Eau Claire (WQOW) - If you follow the legislature, you know there are countless committees at work in Madison.
One lawmaker says it's time to consider dumping one of those, because of the climate and the money spent studying it.
Wisconsin state Senator Glenn Grothman says he's not convinced climate change is happening in our state. Representing West Bend, he serves on the state's Clean Energy Committee. He says the committee should disband and stop pursuing alternative energy options for the state.
"The whole reason we're spending this additional money is because we're supposed to be fighting global warming," says Sen. Grothman during a phone interview. "Well, if we have two years where temperatures in Wisconsin are below average, why are we doing it?"
Grothman points to reports by the Wisconsin Climatology Office that say temperatures in the state have been below average for the past two years. He says we should wait to see what temperatures do in the coming years before trying to combat the climate change.
Dr. James Boulter at UW-Eau Claire disagrees. He's an assistant professor of chemistry. He says Grothman is confusing weather with climate.
"When we think of weather, that's how we relate to it: over short time scales, over small area scales," says Dr. Boulter. "And that's correct. That's what weather is. But climate has to include much, much longer time scales, much, much larger area scales or distance scales."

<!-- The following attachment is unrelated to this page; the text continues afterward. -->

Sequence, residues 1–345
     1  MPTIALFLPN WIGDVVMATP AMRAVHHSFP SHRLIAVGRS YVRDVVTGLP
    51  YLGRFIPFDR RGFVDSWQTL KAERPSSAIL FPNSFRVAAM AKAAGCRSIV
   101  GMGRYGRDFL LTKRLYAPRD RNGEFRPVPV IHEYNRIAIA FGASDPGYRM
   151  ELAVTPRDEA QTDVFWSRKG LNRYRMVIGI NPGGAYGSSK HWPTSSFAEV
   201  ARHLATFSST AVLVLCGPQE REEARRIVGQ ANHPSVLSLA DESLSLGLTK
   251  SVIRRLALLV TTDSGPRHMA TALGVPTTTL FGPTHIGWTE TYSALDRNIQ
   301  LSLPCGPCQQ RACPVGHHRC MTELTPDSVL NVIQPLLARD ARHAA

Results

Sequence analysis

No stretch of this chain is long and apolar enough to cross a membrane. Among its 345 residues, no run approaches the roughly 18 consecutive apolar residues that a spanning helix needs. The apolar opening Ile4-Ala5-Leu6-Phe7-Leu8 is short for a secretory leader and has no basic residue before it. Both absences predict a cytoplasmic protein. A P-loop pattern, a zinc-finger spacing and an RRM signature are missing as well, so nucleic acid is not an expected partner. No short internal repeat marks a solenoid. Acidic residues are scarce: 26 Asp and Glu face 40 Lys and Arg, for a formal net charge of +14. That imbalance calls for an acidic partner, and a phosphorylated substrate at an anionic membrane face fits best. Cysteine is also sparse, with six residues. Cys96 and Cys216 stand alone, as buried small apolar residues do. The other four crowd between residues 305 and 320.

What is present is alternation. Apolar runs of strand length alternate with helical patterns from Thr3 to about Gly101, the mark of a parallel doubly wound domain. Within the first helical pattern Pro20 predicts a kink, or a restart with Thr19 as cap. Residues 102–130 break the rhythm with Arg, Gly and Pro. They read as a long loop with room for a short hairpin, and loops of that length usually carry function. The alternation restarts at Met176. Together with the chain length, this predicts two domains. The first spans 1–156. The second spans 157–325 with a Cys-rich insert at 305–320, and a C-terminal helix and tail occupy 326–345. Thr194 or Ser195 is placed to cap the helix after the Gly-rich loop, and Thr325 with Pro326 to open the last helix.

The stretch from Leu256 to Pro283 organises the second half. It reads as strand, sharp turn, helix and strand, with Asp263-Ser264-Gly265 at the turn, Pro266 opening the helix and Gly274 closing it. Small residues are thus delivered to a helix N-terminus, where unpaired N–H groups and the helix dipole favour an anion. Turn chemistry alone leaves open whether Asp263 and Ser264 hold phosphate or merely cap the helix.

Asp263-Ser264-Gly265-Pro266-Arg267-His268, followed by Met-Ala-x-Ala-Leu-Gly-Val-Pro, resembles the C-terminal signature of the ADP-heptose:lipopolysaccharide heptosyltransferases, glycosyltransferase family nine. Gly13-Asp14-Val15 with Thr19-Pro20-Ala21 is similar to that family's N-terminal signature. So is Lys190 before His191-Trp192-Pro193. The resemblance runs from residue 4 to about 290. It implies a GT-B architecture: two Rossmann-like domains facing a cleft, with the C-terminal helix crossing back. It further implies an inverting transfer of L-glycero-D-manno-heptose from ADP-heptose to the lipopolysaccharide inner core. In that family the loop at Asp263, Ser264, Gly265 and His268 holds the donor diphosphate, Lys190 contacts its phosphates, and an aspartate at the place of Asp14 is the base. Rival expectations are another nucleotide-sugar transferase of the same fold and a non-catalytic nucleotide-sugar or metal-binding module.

Sen. Grothman also argues alternative energy options like wind are too expensive. He says electric costs could increase 30 percent if wind energy is increased in the state.
"At first glance, if you look at the electric bill, you think, 'My electric bill is going up 30 percent.' It's not just that. Businesses' electric bills are going up 30 percent, too. ... Do we want the electric bill for the manufactures in the Eau Claire area to go up 30 percent? No, we don't want that," Sen. Grothman says.
Dr. Boulter agrees: wind energy would cost more.
"By and large, Wisconsin does not have particularly good wind potential," he says.
But, he says, the costs are necessary.
"On one hand, that's a responsibility," he says. "We emit so much more greenhouses gases in the world that we should take the responsibility to make the changes."
Both men do agree on one thing: this long-running debate won't be settled anytime soon.
No action has been taken on the senator's proposal to disband the clean energy committee so far. In fact, the committee was at work Tuesday in Madison. It reviewed legislation that would require utility companies to use more wind energy in the state.